Babies Can Start Treadmill Training As Early As 8 to 10 Months Of Age
Had I remembered the yahoo news article on treadmill training when Matthew was 8 months old, I don't think I would've started it that early with him. Matthew is not as motor-driven as other toddlers his age. He's more of an observer and a thinker. So I usually find that it helps him a lot if I let him watch me show him how something works several times before he tries it himself. My guess is that he would not have tolerated treadmill training when he was 8 months old. Every kid is different though. Other parents may be successful at starting treadmill training with their babies early.

Matthew's physical therapist (PT) supports treadmill training as a supplement to our therapy sessions and suggested that we have him walk on the treadmill with shoes sometimes and without shoes other times. She says this will help improve his leg and foot strength and balance. It takes a little bit more effort when walking with shoes than without. Also, the treadmill offers a different walking experience.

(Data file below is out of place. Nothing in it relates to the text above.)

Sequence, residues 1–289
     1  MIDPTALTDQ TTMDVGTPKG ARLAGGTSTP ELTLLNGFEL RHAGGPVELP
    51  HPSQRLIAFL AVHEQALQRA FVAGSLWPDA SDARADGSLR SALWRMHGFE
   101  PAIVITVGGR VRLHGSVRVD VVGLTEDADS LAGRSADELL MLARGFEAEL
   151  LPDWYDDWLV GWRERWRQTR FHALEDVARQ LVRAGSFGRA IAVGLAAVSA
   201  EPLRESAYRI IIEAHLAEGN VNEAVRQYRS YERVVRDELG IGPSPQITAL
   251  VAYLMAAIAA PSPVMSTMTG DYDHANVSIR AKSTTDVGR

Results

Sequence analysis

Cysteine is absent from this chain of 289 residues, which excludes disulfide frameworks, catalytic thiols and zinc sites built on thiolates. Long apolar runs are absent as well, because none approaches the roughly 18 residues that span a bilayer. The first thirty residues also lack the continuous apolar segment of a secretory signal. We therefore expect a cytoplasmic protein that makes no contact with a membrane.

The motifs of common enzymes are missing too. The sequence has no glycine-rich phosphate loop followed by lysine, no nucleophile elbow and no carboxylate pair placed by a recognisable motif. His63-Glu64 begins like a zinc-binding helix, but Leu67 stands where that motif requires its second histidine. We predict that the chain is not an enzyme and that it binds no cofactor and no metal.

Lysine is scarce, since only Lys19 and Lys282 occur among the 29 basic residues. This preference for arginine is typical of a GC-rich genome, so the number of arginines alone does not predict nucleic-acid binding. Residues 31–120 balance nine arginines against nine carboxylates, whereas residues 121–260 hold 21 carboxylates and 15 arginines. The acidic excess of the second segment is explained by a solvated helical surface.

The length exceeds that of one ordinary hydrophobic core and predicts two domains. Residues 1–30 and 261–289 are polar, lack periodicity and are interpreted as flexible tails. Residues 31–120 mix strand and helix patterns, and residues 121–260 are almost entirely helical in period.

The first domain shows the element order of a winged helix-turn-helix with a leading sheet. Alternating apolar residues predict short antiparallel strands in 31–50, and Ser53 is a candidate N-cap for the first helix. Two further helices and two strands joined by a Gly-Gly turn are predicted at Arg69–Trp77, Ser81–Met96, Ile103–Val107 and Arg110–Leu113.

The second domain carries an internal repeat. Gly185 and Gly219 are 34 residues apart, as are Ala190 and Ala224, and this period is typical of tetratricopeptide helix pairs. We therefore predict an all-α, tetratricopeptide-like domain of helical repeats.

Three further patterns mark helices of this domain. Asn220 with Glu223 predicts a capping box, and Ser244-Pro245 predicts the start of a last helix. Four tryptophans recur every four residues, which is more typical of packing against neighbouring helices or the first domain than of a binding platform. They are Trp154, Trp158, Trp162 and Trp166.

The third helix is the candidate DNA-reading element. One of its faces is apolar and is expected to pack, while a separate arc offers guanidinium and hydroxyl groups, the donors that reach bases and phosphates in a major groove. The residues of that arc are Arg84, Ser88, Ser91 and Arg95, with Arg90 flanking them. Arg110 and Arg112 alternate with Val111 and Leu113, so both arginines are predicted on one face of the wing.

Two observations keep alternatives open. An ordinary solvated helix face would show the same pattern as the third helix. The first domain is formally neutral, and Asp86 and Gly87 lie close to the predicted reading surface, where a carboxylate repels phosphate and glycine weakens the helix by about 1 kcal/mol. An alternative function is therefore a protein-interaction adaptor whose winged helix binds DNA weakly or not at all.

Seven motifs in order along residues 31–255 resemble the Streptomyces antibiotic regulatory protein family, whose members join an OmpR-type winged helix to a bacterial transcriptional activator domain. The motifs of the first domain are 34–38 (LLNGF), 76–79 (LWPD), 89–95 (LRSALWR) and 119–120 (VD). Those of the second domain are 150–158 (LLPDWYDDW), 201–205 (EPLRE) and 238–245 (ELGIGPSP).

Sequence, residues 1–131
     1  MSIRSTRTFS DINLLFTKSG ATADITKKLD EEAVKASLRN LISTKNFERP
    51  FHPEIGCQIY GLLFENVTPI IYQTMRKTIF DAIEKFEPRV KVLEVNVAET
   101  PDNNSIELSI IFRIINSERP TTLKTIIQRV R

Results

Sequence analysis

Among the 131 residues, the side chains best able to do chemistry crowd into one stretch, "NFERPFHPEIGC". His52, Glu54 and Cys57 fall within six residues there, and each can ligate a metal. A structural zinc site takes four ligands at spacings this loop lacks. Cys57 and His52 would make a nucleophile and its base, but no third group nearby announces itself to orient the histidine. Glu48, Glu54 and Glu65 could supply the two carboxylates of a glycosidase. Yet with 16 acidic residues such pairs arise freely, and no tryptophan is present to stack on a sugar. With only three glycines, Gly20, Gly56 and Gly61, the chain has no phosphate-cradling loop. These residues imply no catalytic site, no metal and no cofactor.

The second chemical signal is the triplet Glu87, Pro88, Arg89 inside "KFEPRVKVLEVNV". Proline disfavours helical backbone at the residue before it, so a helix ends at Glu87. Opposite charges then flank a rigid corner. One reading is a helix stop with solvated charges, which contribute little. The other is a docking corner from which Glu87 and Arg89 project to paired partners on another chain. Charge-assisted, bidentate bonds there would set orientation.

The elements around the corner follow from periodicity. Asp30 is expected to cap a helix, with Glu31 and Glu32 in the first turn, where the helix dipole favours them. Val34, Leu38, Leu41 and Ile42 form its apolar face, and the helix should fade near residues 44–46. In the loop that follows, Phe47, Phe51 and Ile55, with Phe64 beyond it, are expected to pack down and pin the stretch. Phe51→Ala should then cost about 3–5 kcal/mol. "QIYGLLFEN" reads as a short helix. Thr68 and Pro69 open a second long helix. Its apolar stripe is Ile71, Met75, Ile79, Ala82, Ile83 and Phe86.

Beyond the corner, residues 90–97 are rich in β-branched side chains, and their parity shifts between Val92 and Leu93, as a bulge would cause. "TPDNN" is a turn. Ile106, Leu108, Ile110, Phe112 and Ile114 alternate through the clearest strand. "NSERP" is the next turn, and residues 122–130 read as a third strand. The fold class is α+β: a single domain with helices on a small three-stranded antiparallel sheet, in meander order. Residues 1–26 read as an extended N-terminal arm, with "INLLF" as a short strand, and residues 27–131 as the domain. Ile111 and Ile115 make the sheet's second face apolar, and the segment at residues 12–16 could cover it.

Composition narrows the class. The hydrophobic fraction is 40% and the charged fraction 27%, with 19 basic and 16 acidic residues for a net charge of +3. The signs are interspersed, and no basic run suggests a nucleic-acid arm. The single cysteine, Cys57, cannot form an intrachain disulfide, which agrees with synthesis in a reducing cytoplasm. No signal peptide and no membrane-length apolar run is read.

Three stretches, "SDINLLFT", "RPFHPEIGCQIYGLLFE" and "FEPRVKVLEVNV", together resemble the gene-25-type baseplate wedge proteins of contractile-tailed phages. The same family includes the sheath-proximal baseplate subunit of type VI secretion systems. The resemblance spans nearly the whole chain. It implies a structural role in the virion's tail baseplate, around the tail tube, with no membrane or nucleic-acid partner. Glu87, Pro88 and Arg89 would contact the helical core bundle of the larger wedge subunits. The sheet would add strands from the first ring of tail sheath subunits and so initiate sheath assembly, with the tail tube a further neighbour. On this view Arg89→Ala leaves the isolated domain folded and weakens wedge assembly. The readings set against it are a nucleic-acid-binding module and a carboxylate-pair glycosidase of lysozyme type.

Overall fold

We don't have the mini treadmill that the ScienceDaily article mentions. The Bio-Medicine article states that these treadmills cost about $1,200 each. There should be some hospitals and Down Syndrome Organizations that might rent it out but we didn't explore that option. We have a regular treadmill that we set to the slowest pace and I hold him under his arms in front of me as he walks. The articles on treadmill training recommend 8 minutes of walking but Matthew is only able walk for a minute at a time. It works for me as I can only squat for a minute at a time. So while he's building his core muscles, I'm getting some much needed strength training too. Win-win! The plan is to slowly get him up to 8 minutes, following his lead on how much he wants to walk on the treadmill.

Is Walking Earlier Really Better?
The ScienceDaily article states that babies with Down syndrome learn to walk between 24 to 28 months without treadmill training. The milestone chart inAn Overview of the Development of Infants with Down Syndrome (0-5 years) on the Down Syndrome Online website shows the average age range for children with Down syndrome to walk alone or independently is 13 to 48 months. I know a little girl with DS, who is walking at 18 months, and a boy with DS who walked at 27 months. Both kids are doing great.